Selling to small and medium businesses (SMBs) is about proving that your solution will solve a challenge they are having. Providing you’re talking to a company with a challenge you can solve, they need this solution and have a budget, then you are talking to a potential client.
Finding out if they’ve got a budget isn’t always the most difficult obstacle to overcome. Sometimes, your main difficulty is getting buy-in.
What does it mean to achieve buy-in?
Achieving buy-in means securing internal consensus. In larger companies, this might mean going to tender, getting the approval of multiple managers and at least one senior leader. But in a smaller business, there is a good chance that your primary objective is to win approval and a budget from the owner(s).
In theory, this should be a lot easier. It certainly takes less time than a sales cycle that depends on corporate buyers.
However, we can’t assume this is going to be easy or straightforward.
How to achieve buy-in?
Getting buy-in does take work, especially when you are communicating with more than one stakeholder. Internal politics and dynamics can play a role, too. One or more stakeholders may be in favour of a solution, whereas others could be against it.
Money and budgets always play a role in these internal discussions. A manager responsible for one area of the business might find a budget at risk, or money not available for something they need if another department gets money for the solution you are selling. Your role is to overcome these objections if they do come into the conversation, or pre-empt them if they are the sort of objection you often encounter.
One way to do that is to show that your solution either generates more, or will save the client more money in the long-run. In time, that means the company can increase budgets for every team and generate a larger profit.
Overcoming objections is one way to achieve buy-in. Another way, equally as crucial, is to demonstrate that your product/service solves a particular challenge.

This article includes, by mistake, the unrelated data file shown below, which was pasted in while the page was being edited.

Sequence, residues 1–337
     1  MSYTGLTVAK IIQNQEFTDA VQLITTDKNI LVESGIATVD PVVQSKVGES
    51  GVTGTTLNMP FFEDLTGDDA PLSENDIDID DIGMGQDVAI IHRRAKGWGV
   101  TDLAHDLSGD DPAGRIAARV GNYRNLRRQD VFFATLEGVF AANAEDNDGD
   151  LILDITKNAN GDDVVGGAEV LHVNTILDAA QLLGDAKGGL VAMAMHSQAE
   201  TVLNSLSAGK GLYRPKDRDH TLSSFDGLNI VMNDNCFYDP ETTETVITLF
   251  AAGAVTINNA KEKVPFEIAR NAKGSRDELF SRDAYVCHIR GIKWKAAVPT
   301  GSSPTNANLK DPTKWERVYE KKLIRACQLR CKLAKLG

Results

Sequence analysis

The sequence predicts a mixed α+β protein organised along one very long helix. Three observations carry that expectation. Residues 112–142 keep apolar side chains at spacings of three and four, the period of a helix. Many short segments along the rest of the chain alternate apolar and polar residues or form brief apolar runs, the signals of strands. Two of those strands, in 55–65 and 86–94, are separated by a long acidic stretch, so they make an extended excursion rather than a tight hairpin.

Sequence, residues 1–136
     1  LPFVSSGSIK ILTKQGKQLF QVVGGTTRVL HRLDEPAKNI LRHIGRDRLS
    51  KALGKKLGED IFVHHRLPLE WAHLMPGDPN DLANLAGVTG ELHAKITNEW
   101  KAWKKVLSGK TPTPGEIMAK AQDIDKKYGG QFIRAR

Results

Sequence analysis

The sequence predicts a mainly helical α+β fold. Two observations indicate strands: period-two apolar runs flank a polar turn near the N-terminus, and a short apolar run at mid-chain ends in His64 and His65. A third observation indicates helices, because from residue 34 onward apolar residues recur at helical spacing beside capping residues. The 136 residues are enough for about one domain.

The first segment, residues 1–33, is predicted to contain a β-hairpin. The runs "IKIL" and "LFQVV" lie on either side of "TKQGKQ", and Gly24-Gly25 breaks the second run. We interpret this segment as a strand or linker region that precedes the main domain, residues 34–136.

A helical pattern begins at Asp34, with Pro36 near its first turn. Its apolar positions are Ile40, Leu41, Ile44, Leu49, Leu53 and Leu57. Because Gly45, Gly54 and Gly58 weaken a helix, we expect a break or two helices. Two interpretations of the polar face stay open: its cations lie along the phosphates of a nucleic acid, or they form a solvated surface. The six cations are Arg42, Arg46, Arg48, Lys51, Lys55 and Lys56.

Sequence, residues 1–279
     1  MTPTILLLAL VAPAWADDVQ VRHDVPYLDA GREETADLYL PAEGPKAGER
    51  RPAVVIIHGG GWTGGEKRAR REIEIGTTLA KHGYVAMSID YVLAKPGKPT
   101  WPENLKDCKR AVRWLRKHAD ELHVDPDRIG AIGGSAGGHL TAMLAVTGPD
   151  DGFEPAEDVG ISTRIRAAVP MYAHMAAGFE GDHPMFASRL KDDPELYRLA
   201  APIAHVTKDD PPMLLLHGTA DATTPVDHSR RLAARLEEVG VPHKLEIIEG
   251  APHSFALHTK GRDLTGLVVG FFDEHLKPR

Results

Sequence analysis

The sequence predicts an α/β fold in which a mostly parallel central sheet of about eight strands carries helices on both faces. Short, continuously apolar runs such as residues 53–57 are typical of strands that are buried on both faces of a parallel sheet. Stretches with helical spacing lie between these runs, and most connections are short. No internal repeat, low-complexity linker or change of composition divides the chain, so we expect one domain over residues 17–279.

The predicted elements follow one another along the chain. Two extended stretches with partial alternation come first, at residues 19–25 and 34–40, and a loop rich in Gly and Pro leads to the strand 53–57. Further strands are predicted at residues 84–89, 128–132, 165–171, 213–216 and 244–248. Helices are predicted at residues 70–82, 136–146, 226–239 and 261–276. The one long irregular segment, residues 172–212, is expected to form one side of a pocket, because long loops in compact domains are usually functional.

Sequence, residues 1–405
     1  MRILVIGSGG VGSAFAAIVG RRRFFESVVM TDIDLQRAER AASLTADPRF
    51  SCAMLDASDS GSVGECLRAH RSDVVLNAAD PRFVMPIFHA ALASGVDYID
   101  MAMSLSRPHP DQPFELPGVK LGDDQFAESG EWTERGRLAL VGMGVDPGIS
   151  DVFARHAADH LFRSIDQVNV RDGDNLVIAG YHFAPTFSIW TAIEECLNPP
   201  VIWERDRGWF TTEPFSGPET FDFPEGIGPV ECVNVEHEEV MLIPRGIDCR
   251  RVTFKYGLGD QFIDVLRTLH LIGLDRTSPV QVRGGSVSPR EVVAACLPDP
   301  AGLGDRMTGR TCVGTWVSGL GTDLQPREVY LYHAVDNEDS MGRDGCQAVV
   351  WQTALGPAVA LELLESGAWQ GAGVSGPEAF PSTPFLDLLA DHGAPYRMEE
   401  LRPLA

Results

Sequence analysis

Let’s say that you are selling web development services to companies in the manufacturing sector with less than 50 employees. Think about and find out who their clients are before picking up the phone and trying to get a meeting. Getting buy-in means doing your homework beforehand.
To continue the example: If you are selling websites to manufacturers, are they going to care about all of the tech specs and bells and whistles? Do they need an e-commerce plugin? No and no. Are they going to be particularly impressed that a website is mobile-enabled? Maybe, it might be relevant to some of their potential buyers.
However, for the most part, to get buy-in from manufacturing clients, they need to know what the website will look like, timeline, budget and what you, as a service provider, need from the client to get started. A simple, clean, functioning WordPress website is more appropriate than an expensive custom-build that will take months to design and implement.
For small businesses, you are going to achieve buy-in if you focus on a few core messages:
Demonstrate your solution solves a particular problem they are having: Does it get the job done?
Will it save them time/money, or help them to generate more?
Does it meet the needs of the stakeholders you need to convince?
Do you have an argument to overcome any objections you are likely to encounter?
And finally: Is this a high-priority project and how soon do they want to go ahead?
Before meeting in-person, it can prove useful to jump on a quick online demo or live call to lay the groundwork. Get a sense of what they want to accomplish and how you can help them achieve their business goals. With an instant online demo, you’ve got the perfect opportunity to quickly start getting buy-in before you meet other members of the team.